Victoria Miro Mayfair
14 St George Street London W1S 1FE
Victoria Miro is delighted to present My Animals and Other Family, the first solo exhibition of Alice Neel's work at the Mayfair gallery. One of the foremost and most engaging twentieth century American portraitists, Neel produced a body of work that is intimate, casual, personal and direct.
View online catalogue here.
Neel was a keen observer of life, and in addition to her penetrating studies of people, she focused her attention on her surroundings, be it in the form of still life, landscape or impromptu vignette. Within the domestic habitat of her family, animals-especially cats and dogs-were a part of her daily life. As a result, over the course of her career from the 1930s until her death in 1984, we find fascinating examples of works that include or focus on particular animals. This exhibition features a group of paintings and drawings in which Neel captures the character and spirit of people and of animals.
In her animal portrayals as in her other work, Neel responded directly to what was in front of her. With all her subjects, human and animal, Neel had a talent for identifying particular gestures and mannerisms that reveal the singular and unique identities of her sitters.
Neel's portrayal of animals in her work was varied. In some paintings they were presented in conjunction with a person in a portrait, other times as a vignette of daily life, sometimes they were rendered from memory and occasionally they were presented as an actual, very individual portrait.
In many of these works a human figure is seen with a dog or cat in double portraits that convey a sense of the bond between human and animal. Eddie Zuckermandel and the Cat shows the titular subject seated behind a table, a small Siamese cat in his lap. The two characters are lit from above, casting their faces in a similar deep triangular shadow. In Carol and the Dog, the blonde hair, fair skin and pale green dress of the woman contrast with the black fur and deep red eyes of the poodle by her side. In her painting of Lushka, 1974, the dog is clearly the subject of what we would actually call a portrait. Like her paintings of people, Neel presents the dog in a frontal position, looking straight at the artist and the viewer.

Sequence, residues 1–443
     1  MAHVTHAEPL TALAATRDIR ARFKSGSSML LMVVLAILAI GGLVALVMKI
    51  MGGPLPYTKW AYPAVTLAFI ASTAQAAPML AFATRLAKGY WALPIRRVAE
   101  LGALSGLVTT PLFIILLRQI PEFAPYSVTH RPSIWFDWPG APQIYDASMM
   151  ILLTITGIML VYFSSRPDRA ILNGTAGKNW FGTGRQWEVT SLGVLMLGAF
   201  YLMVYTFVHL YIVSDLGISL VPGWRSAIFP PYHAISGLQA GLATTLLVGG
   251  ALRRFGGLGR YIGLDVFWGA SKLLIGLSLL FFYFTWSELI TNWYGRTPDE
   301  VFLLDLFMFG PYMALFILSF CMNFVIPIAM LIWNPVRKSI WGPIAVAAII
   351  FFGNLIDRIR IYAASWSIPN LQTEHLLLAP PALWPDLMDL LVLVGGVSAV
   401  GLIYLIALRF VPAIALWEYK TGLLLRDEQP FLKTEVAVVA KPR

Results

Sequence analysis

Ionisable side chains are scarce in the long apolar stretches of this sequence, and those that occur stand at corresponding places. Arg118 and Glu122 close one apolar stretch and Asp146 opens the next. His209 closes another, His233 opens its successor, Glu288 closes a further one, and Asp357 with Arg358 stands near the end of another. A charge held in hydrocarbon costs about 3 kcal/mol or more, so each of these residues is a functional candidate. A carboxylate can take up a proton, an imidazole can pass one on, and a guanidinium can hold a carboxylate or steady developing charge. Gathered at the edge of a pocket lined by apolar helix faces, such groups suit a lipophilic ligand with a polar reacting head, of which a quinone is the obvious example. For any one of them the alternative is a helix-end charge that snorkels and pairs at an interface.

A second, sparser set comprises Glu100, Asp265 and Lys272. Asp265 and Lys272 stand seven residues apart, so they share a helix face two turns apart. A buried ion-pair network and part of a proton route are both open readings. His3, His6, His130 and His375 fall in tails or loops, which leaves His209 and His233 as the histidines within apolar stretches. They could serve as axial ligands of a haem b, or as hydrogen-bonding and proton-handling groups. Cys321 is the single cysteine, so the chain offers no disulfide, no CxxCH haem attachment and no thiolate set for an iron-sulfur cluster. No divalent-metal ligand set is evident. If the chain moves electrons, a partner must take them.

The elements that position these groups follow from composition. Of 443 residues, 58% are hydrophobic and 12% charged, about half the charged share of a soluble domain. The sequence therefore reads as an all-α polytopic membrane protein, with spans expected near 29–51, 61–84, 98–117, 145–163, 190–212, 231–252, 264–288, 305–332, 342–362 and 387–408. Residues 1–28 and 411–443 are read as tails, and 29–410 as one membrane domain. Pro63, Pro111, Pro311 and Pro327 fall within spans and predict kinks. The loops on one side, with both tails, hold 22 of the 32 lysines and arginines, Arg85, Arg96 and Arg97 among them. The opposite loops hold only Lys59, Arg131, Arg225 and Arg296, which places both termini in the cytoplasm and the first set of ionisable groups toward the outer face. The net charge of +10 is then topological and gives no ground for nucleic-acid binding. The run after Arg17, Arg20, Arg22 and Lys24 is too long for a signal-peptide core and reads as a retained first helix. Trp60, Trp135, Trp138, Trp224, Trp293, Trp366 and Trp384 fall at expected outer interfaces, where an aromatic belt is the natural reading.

In contrast with these studies from life, Nadya and the Wolf and Lushka, 1970 have a more enigmatic quality, in which the sitters appear to be taking part in an ambiguous mythological or metaphorical scenario.
Neel's animals can be seen as human companions, but equally they are characters in their own right, as colourful and specific as the people portrayed by the artist. This exhibition represents a cross-section of this fascinating and diverse body of work.